As to linking these threads to the outside world, I have no problem at all with that.  I'm glad to keep the discussion going wherever it appears (within the limits of my cyber time and my daily health situation.)  I did not feel that keeping my condition private would serve any purpose.  In fact it's just the opposite.  Several people had asked me privately why my activity on the forum had dropped off in the past six months or so and because I was so active in so many different areas I felt that an explanation was in order.  I'm not looking for sympathy or anything like that but going right to the heart of the matter explains this to the membership.  For example, yearly at this time I would have been starting the annual American Idol HTF Challenge but this is the type of activity that requires a lot of behind the scene work.  It might appear to be relatively easy (and it was when my mind was sharp) but I'm finding out that such tasks become extremely challenging to administer so you and others may have noticed that I'm not going to organize the challenge this year because I don't feel up to the task.  When I do something I like to do it in a clear and organized fashion.  Anything less than that is not acceptable to me.


If anyone else wants to start a Challenge for American Idol 10 (I believe that's the number, right?) they have my blessing.  In fact I would probably even enter along with Sandy as well, in administrative non-eligible for any prize package status.  We'll see if anyone steps up to the plate.


To recap (since PC hasn't slowed down my yadda-yadda-yadda):


  • PostenPalooza (or whatever you choose to call it):  YES, within health limits
  • Spreading the words in this thread to others outside our normal sphere of attention:  Also a YES.  Fine by me.  I feel that getting more eyes to the HTF pages is always a good thing for the forum and while this one involves some items of a personal nature I have no problem in such action on your part.  Go for it!
Take care.

RAF
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#12 of 16 OFFLINE   Sam Posten

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Posted January 26 2011 - 01:02 AM

Outstanding Doc, thanks!  Will keep you posted on the party, all going to hinge on selling my place in Jersey to get new digs, hopefully good news by spring!  And my thanks on the thumbs up for passing on your insights, I know quite a few folks will find them as illuminating as I do.


Sam


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#13 of 16 OFFLINE   DaveF

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Posted January 26 2011 - 03:20 PM

RAF, I never talk about it online, but I lost my younger brother to the same cancer that took your wife. Thanks for your comments and insights. :) If there's an HTF event I'd hope to come. Never been to one, and it would be fun.

#14 of 16 OFFLINE   TonyD

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Posted January 26 2011 - 03:21 PM

Well I noticed that the Idol challenge was missing and saw no new topic had been started,

just an old one from last summer when the new hosts were announced.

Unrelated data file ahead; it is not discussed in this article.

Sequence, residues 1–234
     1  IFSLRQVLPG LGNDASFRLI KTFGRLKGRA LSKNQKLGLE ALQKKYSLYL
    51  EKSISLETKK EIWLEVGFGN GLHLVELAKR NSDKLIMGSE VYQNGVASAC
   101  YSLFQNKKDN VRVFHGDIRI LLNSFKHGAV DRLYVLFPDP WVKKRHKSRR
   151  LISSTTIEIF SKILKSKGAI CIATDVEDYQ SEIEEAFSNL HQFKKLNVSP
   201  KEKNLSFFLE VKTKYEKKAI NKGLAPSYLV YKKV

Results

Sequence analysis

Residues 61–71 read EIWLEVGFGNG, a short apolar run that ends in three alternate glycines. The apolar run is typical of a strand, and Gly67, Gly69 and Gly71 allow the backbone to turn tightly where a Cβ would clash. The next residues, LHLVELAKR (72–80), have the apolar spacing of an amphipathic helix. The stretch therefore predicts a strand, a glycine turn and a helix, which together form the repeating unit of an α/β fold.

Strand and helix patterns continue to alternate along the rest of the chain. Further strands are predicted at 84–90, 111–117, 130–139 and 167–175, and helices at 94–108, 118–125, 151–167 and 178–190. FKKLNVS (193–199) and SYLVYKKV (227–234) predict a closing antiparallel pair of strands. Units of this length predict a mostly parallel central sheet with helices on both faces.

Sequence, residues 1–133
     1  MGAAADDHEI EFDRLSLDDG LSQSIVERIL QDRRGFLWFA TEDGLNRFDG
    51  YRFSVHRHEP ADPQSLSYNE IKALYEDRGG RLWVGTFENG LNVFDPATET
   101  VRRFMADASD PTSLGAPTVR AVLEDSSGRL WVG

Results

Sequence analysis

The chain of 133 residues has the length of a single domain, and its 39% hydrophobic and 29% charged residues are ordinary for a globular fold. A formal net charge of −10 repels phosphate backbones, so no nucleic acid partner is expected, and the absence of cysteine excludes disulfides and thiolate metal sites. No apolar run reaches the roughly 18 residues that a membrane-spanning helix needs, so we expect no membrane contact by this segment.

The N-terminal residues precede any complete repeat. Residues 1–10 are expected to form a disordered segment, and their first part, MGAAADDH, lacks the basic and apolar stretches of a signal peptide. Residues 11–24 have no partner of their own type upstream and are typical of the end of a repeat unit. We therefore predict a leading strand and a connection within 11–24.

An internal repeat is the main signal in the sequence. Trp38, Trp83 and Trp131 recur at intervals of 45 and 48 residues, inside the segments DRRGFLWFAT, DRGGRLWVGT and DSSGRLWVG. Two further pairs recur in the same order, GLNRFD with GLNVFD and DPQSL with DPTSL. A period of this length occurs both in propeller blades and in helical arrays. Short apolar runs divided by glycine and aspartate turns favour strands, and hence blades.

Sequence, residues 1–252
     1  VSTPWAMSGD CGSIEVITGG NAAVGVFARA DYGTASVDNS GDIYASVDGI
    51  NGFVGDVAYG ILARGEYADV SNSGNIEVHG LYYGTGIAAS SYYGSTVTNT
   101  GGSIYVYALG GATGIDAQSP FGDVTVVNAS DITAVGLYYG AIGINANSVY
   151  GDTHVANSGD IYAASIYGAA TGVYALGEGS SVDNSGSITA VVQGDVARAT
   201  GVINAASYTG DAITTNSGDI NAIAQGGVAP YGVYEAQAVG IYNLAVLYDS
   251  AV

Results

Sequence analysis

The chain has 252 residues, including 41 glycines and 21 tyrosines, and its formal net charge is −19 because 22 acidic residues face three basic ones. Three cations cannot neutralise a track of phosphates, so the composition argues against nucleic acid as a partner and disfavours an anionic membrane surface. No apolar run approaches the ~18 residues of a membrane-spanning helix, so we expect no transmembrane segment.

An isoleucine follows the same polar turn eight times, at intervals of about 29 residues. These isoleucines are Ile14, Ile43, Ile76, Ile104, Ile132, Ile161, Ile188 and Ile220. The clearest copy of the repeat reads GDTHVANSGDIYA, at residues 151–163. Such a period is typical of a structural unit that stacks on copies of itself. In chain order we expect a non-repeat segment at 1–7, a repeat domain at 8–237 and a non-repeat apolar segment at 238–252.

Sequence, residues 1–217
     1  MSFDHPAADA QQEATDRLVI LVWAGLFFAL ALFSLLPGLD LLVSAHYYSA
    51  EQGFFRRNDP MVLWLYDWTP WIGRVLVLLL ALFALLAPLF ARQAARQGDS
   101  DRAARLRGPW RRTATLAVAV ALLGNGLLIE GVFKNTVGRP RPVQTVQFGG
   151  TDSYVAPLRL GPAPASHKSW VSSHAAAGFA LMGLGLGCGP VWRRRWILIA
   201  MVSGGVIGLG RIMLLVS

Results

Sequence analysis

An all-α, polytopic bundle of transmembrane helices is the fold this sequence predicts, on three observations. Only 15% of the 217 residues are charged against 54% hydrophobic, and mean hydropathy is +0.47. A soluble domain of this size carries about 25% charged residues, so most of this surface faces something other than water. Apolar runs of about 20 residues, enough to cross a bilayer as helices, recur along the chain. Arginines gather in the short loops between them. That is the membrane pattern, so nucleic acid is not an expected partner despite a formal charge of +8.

Robert we've never met but I've been an extremely active poster here for over 10 years now and
feel like I now you just from that.



Your room is one of the ones I did a bit of study on when

I built my room a few years ago.

  For what it's worth I'll be channeling good thoughts your way for
continued improvement.


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#15 of 16 OFFLINE   RAF

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Posted January 28 2011 - 02:30 PM

TonyD,


Thanks for the good thoughts.  They are sincerely appreciated.


I spoke to Adam Gregorich (co-owner of the HTF) and he's going to make some sort of announcement regarding a possible American Idol Challenge.  We'll see where it goes so stay tuned....


I saw the Phillies Logo as your Avatar.  My daughter has season tickets for the Phillies and I've been able to attend several games at Citizen Bank Park -  including Game four of the 2009 World Series - forever known as the "Johnny Damon Sequential Two Base Steal" game.  As a New Yawker, I've been a Yankees Fan (went to my first game in August of 1949 at age 7.  Joe D. had 3 hits in that game.  Don't ask me why I remember that and can't remember what I had for breakfast this morning.  The mind is a mysterious device!  Daughter Liz lives in Ambler, PA (Sumneytown Pike - near Rte. 202).  Anywhere close to you?


RAF
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#16 of 16 OFFLINE   TonyD

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Posted January 28 2011 - 02:45 PM

No, I'm in Pa close to the Delaware border about 10 miles south of the Philly airport, but I know the area.

Worked about 10 miles south of there in Chestnut Hill p.o. for 12 years starting around '90.


Very nice area to live from what I remember.

 That Damon 2 base steal was devastating for the Phils, turned the tide I think.
I'm trying to forget it.

Posted Image


Very good first ballgame memory. Mine is a memory of going to my first game but not actually being in there.

My dad to me took Connie Mack stadium in it's last year '70. I remember seeing the

outside of the stadium and wondering why they played in a warehouse.


I guess I thought the old stadium looked like a building and not a stadium from the outside.

6 years old, and lived in a neighborhood about 25 blocks away from the stadium with

industrial warehouses all over the place so what did I know.